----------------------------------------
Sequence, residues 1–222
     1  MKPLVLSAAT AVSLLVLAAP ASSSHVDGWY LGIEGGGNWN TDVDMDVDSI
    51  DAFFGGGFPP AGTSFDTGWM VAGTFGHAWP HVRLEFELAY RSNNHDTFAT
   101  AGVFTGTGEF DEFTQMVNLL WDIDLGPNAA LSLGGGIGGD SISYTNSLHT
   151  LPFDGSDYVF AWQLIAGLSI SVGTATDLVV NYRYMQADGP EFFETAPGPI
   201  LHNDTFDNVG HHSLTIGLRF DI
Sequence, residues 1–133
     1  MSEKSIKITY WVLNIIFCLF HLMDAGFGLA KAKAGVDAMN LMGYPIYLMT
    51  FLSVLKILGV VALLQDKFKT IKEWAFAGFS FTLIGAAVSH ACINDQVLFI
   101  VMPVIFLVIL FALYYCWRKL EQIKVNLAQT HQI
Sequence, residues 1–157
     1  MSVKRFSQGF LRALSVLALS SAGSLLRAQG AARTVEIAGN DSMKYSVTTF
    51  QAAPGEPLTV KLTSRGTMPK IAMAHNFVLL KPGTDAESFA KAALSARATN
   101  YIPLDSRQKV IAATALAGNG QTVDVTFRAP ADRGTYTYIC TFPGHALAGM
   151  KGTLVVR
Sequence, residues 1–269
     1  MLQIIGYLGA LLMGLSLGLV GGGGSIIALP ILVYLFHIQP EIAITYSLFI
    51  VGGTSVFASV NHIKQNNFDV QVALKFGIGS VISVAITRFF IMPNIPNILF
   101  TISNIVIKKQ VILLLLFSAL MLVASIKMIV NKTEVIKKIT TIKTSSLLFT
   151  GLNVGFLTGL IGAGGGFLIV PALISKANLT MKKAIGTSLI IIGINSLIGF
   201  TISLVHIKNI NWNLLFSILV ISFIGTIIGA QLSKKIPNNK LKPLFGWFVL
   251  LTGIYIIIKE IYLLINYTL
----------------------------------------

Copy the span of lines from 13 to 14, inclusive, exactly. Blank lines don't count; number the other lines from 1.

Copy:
    51  QAAPGEPLTV KLTSRGTMPK IAMAHNFVLL KPGTDAESFA KAALSARATN
   101  YIPLDSRQKV IAATALAGNG QTVDVTFRAP ADRGTYTYIC TFPGHALAGM